In recent weeks, we’ve been following Washington’s current regime change offensive, in which the White House is seeking to encourage–and, presumably, co-opt–opposition activists in countries which really are unhappily authoritarian, but (more to the point) insufficiently compliant with US interests. Now there are signs that even Egypt, a top global recipient of US aid, could be next.
A constitutional amendment introducing the first direct and contested presidential elections in Egypt won 82.9% approval in a referendum, Interior Minister Habib el-Adli announced May 26. But opposition denounced the results as “black comedy” and “total farce.” Despite boycott calls by six opposition groups, including the popular Muslim Brotherhood, the Interior Ministry said in its statement that 54 percent of Egypt’s 32 million registered voters—about 16.4 million Egyptians—had participated. The Ministry said the figure was higher than in recent parliamentary elections. There was no independent, outside monitoring of the election results or turnout estimate.
“The voting masses have realized that political participation within the framework of constitutional legitimacy is the safe path towards the future, and that everyone is responsible for rejecting calls of sedition and division,” Adly said in a statement on Egyptian TV.
Opposition spokesmen said the government exaggerated the turnout in the referendum. “This rate of attendance is just impossibly high. It seems the number has been multiplied by five,” said Gameela Ismail, spokeswoman for the opposition Ghad (Tomorrow) Party.
Mohammad Habib, deputy leader of the Muslim Brotherhood, which joined the boycott call, said: “I don’t believe this number is possible. We know not more than 5 or 10 percent of people go to vote. I have many doubts about this number.”
Abdel-Halim Qandil, spokesman of Kefaya (Enough), the largely secular anti-Mubarak movement, described the results as “black humor” saying that the referendum results were “fabricated, including those who said no.” He added: “Any objective observer of the referendum would have noticed the low turnout, despite the mobilization and forcing the state employees to vote.”
The results came as, in Washington, President George W. Bush condemned attacks by Egyptian police on demonstrators during the referendum voting the day before. “The idea of people expressing themselves and opposition to the government and getting a beating is not our view of how a democracy ought to work. It’s not the way that you have a free election.”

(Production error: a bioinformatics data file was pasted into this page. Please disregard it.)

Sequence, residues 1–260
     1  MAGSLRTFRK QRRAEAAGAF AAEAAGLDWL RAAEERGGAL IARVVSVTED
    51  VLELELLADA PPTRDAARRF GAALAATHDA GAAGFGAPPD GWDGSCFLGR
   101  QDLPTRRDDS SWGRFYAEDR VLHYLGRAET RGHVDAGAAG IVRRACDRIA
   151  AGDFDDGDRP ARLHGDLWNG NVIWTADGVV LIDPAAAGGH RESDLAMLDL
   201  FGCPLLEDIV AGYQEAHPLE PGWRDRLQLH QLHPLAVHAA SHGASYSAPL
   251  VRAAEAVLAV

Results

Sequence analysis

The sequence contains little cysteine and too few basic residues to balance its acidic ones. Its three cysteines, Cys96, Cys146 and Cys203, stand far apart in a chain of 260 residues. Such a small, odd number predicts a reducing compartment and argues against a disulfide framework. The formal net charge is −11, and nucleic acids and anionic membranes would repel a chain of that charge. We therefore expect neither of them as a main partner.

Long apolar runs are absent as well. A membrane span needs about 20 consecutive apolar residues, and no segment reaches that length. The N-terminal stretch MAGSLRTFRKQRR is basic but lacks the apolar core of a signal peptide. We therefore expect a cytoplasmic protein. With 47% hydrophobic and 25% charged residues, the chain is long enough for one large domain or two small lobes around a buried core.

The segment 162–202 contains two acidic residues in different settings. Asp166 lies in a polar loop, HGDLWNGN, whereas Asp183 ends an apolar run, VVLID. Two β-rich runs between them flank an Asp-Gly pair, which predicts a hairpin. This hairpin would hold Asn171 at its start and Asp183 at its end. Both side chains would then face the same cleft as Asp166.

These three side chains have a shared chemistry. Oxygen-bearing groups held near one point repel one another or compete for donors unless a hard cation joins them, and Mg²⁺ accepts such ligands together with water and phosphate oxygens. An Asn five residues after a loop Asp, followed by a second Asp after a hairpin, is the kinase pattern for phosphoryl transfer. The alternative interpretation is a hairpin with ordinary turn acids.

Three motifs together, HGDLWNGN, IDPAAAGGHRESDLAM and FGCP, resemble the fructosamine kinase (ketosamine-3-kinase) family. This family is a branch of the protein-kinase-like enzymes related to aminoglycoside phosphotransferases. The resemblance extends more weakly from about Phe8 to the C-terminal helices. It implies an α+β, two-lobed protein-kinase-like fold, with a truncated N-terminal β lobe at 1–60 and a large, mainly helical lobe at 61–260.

Plainclothes government agents beat protesters May 25, then watched as supporters of Mubarak roughed up other demonstrators, in violence that cast a pall over a referendum the 24-year ruler has called a crucial step toward democracy.
White House press secretary Scott McClellan said the Bush administration believes Mubarak’s initiative to put in place competitive presidential elections is an important step. “We think that should be accompanied by international election monitors and a real campaign,” McClellan said. “It must be free and fair in order for it to have the broadest possible support from the people of Egypt and the international community.” (Lebanon Daily Star, May 27)
Mubarak has ruled out monitors for the election (while conceding the possibility of “obervers”). President Mubarak has led Egypt since the assassination of Anwar Sadat in 1981. He has been reinstalled every six years since then in single-candidate referenda, now abolished. President Mubarak has not formally announced he will run again this year, but is widely expected to do so. (VOA, May 27)
But Washington may have a hard time finding proxies among the Egyptian opposition. An analysis for the Qatar-based Islam Online, has this to say about Kefaya, the most secular of the opposition groups:
The Egyptian Movement for Change, better known as Kefaya (Arabic for “enough”), is the name of the increasingly vocal political movement denouncing the NDP’s political monopoly, calling for a separation of powers, an end to corruption and nepotism, and rejecting all attempts aimed at grooming Mubarak’s son, Gamal, for office. Kefaya’s founding document was presented in October 2004 by highly respected ex-judge Tariq al-Bishri, who called upon Egyptians to withdraw their “long-abused consent to be governed” and to engage in civil disobedience (El-Ghobashy). The movement can be regarded as an umbrella organization hosting a variety of Islamist, Socialist, and Arab Nationalist parties.
Ironically, it is the harsh crackdown on the Muslim Brotherhood and other Islamist groups over the past decade which has provided much of the impetus for change in Egypt. As we noted in our last blog post on Egypt, a new wave of terror attacks has brought ominous memories of the bloodshed in Egypt in the 1990s.
Bush should realize that given the political atmosphere in Egypt, the last thing the democratic opposition there needs is the US president speaking on its behalf. But then again, maybe this is precisely the point.